So the question we are debating here is whether Ikari Warriors is a better game than Gauntlet? Ikari had guns, tanks and ammunition-dumps loaded with playability. Gauntlet was a great game and the CPC conversion was awesome but you can’t deny it was like playing out the dream of a Dungeon and Dragons geek – without the hassle of changing soiled sheets… that sentence will sound harsh, especially to many Gauntlet lovers (Chris), but I’m taking no prisoners and backing Ikari all the way in this, our first, SBTK CPC PLAYOFF CHAMPION OF CHAMPIONS 2007, OF CATEGORY: TOP DOWN SHOOTER.


March 27, 2007 Posted by | shoot-em up, Stuart Hunt | 3 Comments

Gauntlet: Dungeons, Demons, DEATH and Divorce

Words:Chris Keeley

Gauntlet didn’t just cement my love of games; it scrawled its name in the wet pug with a gleaming broadsword. Battered yet still legible, I can still make out that cracked old signature whenever I catch a glimpse of an elf, warrior, valkyrie or a top down multiplayer videogame. My brother, my next door neighbour and I spent most of the 80’s huddled round a crowded keyboard, casting spells and throwing axes in my dad’s freezing cold study. Homework, Funhouse and the fall of the Berlin Wall all passed unnoticed, drowned out by cries of “Don’t shoot my food” and desperate pleas for covering fire as you neared death and faced the indignity of being turned into a ghost.

The format of the game is simple; Gauntlet plays like a 2D version of a football riot – manic, adrenaline-fuelled mayhem. Instead of fists, bike chains and rabid Stoke fans we have axes, magic, and fire-spitting demons. DEATH, clad all in black, an unstoppable law unto himself, represents a force stronger than an army of riot police made up of Ultimate Fighting Champions. Labyrinthine dungeons and armies of darkness stand between your hero and the exit and you must battle your way through the hordes, collecting keys and power-ups in order to escape. In a way, Doom has a lot to thank Gauntlet for, the premise is the same but the presentation is very different. Like the original, birds-eye view Grand Theft Auto compared to the virtual tour of violence that is San Andreas.

Wogan watched Denmark’s Eurovision entry from the safety of the wall

Of course, there were similar dungeon based games around at the time but Gauntlet had two main features separating it from the herd. Firstly, a multi-player option so engaging that ‘Gauntlet widows’ began citing the game in divorce proceedings. Secondly, a terrifying variety of enemies each with individual traits. Researchers recently concluded that record y-front sales posted by underwear manufacturers at the time can be directly correlated to demon and DEATH related soilings.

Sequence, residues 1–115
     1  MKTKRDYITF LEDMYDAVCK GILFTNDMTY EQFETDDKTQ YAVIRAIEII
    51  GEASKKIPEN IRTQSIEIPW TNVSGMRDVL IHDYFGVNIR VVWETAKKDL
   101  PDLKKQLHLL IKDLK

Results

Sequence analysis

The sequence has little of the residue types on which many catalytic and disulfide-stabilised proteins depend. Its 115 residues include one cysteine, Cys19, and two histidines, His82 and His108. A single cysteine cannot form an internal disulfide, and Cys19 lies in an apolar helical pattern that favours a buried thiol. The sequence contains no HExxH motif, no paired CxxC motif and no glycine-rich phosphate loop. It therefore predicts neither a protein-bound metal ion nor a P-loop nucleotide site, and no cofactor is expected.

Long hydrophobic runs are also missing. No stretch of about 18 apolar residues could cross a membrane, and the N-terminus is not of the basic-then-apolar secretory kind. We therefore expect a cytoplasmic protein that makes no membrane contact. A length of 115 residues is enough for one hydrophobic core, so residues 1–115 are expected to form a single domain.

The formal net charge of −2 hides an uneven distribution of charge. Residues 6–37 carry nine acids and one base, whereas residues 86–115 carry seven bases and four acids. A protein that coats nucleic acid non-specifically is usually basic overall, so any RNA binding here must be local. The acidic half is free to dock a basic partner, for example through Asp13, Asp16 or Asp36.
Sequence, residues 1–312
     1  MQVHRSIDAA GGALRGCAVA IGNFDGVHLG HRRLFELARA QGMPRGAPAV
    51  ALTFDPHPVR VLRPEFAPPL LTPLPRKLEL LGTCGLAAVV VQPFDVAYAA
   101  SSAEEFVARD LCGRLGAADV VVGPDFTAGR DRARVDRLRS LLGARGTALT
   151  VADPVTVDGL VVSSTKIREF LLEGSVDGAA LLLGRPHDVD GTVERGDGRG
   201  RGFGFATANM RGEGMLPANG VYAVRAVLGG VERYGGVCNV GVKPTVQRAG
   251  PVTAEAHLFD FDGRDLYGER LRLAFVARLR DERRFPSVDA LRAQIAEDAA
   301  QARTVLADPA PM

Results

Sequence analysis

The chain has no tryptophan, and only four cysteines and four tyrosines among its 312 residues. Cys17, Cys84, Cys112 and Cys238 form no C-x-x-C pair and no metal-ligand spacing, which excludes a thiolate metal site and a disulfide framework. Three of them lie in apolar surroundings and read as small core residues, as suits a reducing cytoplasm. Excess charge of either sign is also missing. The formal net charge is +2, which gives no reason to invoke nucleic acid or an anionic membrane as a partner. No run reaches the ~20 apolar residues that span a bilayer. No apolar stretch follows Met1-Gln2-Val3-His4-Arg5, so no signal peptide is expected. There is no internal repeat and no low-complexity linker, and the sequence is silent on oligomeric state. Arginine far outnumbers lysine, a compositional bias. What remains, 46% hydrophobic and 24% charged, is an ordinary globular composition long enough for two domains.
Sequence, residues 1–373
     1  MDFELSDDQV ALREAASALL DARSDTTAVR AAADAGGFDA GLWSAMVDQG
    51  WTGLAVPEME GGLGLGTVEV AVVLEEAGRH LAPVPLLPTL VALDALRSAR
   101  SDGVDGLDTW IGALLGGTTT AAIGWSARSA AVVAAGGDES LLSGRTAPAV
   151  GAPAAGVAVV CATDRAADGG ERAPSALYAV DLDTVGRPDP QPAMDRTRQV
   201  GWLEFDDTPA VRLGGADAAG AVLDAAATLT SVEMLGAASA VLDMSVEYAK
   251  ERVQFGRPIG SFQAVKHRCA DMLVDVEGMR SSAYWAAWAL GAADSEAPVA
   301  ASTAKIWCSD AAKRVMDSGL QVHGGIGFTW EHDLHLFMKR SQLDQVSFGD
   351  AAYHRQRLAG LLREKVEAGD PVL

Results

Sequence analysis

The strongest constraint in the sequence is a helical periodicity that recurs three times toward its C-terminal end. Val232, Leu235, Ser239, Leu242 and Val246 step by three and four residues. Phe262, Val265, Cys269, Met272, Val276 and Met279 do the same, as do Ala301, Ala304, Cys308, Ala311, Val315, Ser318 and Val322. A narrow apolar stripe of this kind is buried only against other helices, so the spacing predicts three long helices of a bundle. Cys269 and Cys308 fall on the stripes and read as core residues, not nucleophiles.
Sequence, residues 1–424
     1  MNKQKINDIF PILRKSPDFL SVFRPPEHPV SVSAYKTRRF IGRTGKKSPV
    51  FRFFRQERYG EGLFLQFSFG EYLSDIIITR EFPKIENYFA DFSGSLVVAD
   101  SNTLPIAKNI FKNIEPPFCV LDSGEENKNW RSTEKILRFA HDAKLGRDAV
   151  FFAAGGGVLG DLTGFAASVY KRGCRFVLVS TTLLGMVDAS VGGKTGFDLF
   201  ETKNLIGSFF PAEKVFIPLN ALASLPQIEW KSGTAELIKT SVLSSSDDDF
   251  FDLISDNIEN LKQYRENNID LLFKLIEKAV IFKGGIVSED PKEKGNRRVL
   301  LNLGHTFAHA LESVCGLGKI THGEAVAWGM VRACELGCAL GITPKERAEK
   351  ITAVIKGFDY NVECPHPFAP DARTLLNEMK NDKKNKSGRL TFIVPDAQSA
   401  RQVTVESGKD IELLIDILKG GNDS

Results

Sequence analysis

Offering the chance for friends to become enemies and enemies to become friends, the multiplayer option allowed for up to four heroes to venture into the dungeons – shoulder to shoulder, squashed into a tiny area, two joysticks, two on the keyboard. Typically, an air of tension grew as you progressed. Your life force continually ticking down, each potion and portion of food becoming more and more important. Could Gauntlet be completed? To this day I’m still not sure and so the focus was on getting to the furthest level possible while amassing more points than your fellow adventurers.

The enemy/friend dynamic came into question depending on the way that you chose to play. You may have wished to unselfishly guard food for a sickly partner, maybe even provide a human shield or fight a path to it for them. Alternatively you could shoot it for a laugh, watch them die and then rob their dead bodies. Of course in the long run this sort of behaviour was never going to help you progress, but it was still undeniably enjoyable. Nowhere was this unchivalrous attitude more fun than in the treasure-room bonus levels, the aim of which was to run around a dungeon littered with treasure and power-ups and collect as much as possible in an allotted time. Pushing your unsuspecting partner into an exit and out of the room allowed you unfettered access to the goodies and also, most likely, a dead-arm. Totally worth it.

Standard sword and sorcery theory dictated the characters you could choose, the Arnie-esque Barbarian, the chick with the metal bra, the predictable old wizard and the sprite-ly young elf. Finding your player on screen was often the Amstrad equivalent of Where’s Wally, minus the stripy jumpered jerk. Grunts, lobbers, wizards, ghosts, demons and the occasional DEATH flooded the monitor, grunts intent on bashing you, lobbers – chucking stuff at you, wizards – using their powers to turn invisible and sneak up on you, ghosts – to provide an annoyance not unlike a swarm of wasps, demons – to look and act much like a Doom cacodemon and DEATH who instilled the fear of God into you and the kind of panic usually associated with getting your head stuck in something. If reading that last sentence was a struggle, imagine seeing that whole lot on screen, surrounding you, closing in on you and generally proving quite detrimental to successful dungeon navigation. Luckily, screen-clearing potions were at hand. At the touch of a button, a screen could be cleared with a satisfying flash in much the same way that a different kind of flash might clear a Girl Guides meeting.

The quarterback was up against it

To continue the cement-aphor started in the first paragraph, Gauntlet not only left it’s mark on me, it also laid some pretty strong foundations for many games to come. If there were a gaming equivalent of the Hollywood walk of fame, Gauntlet’s star would feature prominently. Around it, four sets of handprints all vying for space.